For the Chocolate Mousse
- 4 oz semi sweet chocolate, chopped
- 2 tbsp butter
- 1/2 tsp cinnamon
- 2 eggs separated
- 1/8 tsp cream of tartar
- Over a double boiler, melt the chocolate and butter. Add the cinnamon once melted. Set aside to cool.
- Whisk the egg yolk till double in volume and the colour has lightened. Mix into melted chocolate. Refrigerate while whipping the egg whites.
- In a large bowl, whisk the egg whites and cream of tartar to stiff peaks.
- Take a small amount of the egg whites and mix it into the chocolate to thin the chocolate, then fold the chocolate into the egg whites.
- Set aside.
For the Cream
- 1 cups35% cream
- 1 tbsp icing sugar
- Using an electric mixer, whip the cream until soft peaks. Add the sugar and continue whisking until stiff peaks form.
For the Kahlua Syrup
- 1 cups sugar
- 1/2 cup Kahlua
- 1 cups water
- In a saucepan bring sugar and water to boil. Remove from the heat, let cool, then add the Kahlua.
- Slice the cake into three 5 by 10 inch slices. Place the bottom layer on the serving plate. Soak with 1/3 of the Kahlua syrup, then top with the chocolate mousse. Place another layer of cake on top of the chocolate mousse. Soak that layer with 1/2 of the remaining Kahlua syrup. Top that layer with half of the whipped cream. Place the final layer of cake on top of the whipped cream layer. Soak with remaining Kahlua syrup. Top with the remaining whipped cream, then decorate with the pomegranate seeds.
- Chill for at least 1 hour before serving to allow the cake to set.
This weekend we celebrated my dad’s birthday. When I asked him what he wanted, he said it didn’t matter. Birthday’s aren’t important to him because growing up they were never celebrated. To me that’s all the more reason to want to celebrate now. At the very least, a birthday needs a cake.
I was eventually able to get a request for cake with pudding out of him. I had originally planned to make a chocolate pudding tart, but when my mom came home with raspberries those plans changed to a Charlotte. Charlotte’s are molded cakes filled with mousse or custard and surrounded by cake or lady fingers. They are relatively easy to make and look very impressive.
I say relatively because I had a really, really hard time getting the Lady Fingers to stand up. I read several recipes from blogs, cook books, magazines, they all gave the same instruction: stand the lady fingers around the mold. None of them explained how to get them to stand. In the end I cut them in half to give them flat bottoms, making them more balanced.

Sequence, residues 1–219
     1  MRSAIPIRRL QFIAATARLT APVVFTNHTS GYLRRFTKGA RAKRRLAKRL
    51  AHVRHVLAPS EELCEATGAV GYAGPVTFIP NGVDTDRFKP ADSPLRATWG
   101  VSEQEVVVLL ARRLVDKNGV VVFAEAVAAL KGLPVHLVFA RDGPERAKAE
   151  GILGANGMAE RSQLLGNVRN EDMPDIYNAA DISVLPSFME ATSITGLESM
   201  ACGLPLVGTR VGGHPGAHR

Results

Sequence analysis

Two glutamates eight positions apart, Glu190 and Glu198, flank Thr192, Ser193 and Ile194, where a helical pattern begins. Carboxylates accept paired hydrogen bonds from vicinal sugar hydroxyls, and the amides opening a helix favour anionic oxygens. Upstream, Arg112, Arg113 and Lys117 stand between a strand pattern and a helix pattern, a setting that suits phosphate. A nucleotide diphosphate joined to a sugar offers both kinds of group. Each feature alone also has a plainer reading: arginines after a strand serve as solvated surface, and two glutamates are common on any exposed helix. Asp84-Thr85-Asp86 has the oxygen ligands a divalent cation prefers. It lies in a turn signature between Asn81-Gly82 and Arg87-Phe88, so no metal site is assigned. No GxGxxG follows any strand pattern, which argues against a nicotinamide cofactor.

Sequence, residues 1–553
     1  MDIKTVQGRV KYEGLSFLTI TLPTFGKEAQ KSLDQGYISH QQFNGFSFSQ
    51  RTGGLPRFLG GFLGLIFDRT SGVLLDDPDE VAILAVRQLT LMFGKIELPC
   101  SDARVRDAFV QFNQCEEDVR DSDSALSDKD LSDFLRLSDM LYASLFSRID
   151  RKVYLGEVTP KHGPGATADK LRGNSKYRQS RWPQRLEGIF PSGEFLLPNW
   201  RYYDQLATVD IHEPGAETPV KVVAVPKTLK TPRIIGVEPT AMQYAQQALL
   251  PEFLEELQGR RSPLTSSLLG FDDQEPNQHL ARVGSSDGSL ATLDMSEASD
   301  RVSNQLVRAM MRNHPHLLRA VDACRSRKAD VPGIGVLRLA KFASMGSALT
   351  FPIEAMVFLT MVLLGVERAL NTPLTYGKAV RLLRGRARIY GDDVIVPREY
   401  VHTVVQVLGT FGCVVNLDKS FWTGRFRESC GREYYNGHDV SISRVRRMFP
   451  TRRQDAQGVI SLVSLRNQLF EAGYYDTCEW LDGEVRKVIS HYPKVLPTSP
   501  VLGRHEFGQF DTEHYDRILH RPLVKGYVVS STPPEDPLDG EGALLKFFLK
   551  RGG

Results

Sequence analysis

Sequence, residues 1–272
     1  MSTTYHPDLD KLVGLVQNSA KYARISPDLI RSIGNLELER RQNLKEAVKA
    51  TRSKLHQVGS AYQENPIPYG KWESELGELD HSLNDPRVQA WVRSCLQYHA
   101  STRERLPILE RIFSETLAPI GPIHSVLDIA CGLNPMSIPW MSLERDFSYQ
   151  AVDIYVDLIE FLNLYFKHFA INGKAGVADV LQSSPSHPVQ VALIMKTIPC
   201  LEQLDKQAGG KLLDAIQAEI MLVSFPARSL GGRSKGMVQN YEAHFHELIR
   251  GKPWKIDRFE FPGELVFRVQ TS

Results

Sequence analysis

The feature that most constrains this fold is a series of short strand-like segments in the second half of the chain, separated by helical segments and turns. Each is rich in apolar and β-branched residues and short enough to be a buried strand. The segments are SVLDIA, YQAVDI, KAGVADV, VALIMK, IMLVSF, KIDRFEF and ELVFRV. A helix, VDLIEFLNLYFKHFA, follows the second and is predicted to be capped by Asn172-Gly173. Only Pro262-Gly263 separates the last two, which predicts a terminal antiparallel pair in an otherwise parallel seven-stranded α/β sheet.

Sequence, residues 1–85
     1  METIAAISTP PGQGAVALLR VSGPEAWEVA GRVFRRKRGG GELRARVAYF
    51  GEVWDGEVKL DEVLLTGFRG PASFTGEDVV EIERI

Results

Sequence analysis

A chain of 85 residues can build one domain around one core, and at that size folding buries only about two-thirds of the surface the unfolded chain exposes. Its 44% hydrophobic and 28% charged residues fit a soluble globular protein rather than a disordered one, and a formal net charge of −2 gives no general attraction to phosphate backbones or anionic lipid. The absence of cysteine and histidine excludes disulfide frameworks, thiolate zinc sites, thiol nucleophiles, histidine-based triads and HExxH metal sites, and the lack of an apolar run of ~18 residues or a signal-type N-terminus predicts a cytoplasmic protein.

I filled the Charlotte with a layer of Grand Marnier flavoured pastry cream and another of whipped cream, then topped the whipped cream with raspberries. To tie the flavours together I dipped the Lady Fingers in a Grand Marnier simple syrup. The result was creamy and decadent; the raspberries added the perfect touch of freshness.
- 3 egg yolks
- 1/2 cup granulated sugar (divided)
- 2 tbsp flour
- 2 tbsp cornstarch
- 1 1/4 cup whole milk
- 1 tsp vanilla
- 3 tbsp Grand Marnier (divide)
- 1 package store bought Lady Fingers (or home made)
- 250 ml whipping cream
- 2 tbsp icing sugar
- 1 pint raspberries
- Make the pastry cream: In a heat-proof bowl whisk the egg yolks with 1/4 cup granulated sugar. Whisk in the flour and cornstarch, the mixture should look like a paste. Set aside. Heat the milk and vanilla in a medium sauce pan. Heat till just before boiling (there will be some small bubbles popping up). Pour a small amount of the hot milk into the egg mixture and whisk to combine (this will temper the eggs). Pour in the remaining milk, whisking constantly. Return the custard to the saucepan, turn the heat to medium and whisk constantly until thickened. Stir in 1 tbsp Grand Marnier. Pour into a clean bowl, cover with plastic wrap then set aside to cool.
- Place the Lady Fingers: In a small sauce pan, heat 1/2 cup water with 1/4 cup sugar and 2 tbsp Grand Marnier. Let cool slightly. While cooling cut some the Lady Fingers in half, you will need enough to line the inside of a 9 inch springform pan. Lightly dip one Lady Finger in the simple syrup, then stand it up in the closed springform pan; the flat bottom of the cut Lady Finger should help it stand. Repeat until the entire rim is lined, then fill the base with dipped Lady Fingers. Pour the pastry cream into the springform pan. Refrigerate until set (about an hour).
- Once set whip the cream with the icing sugar. Spread on the pastry cream, then top with the raspberries. Refrigerate until ready to serve, then remove the springform mold.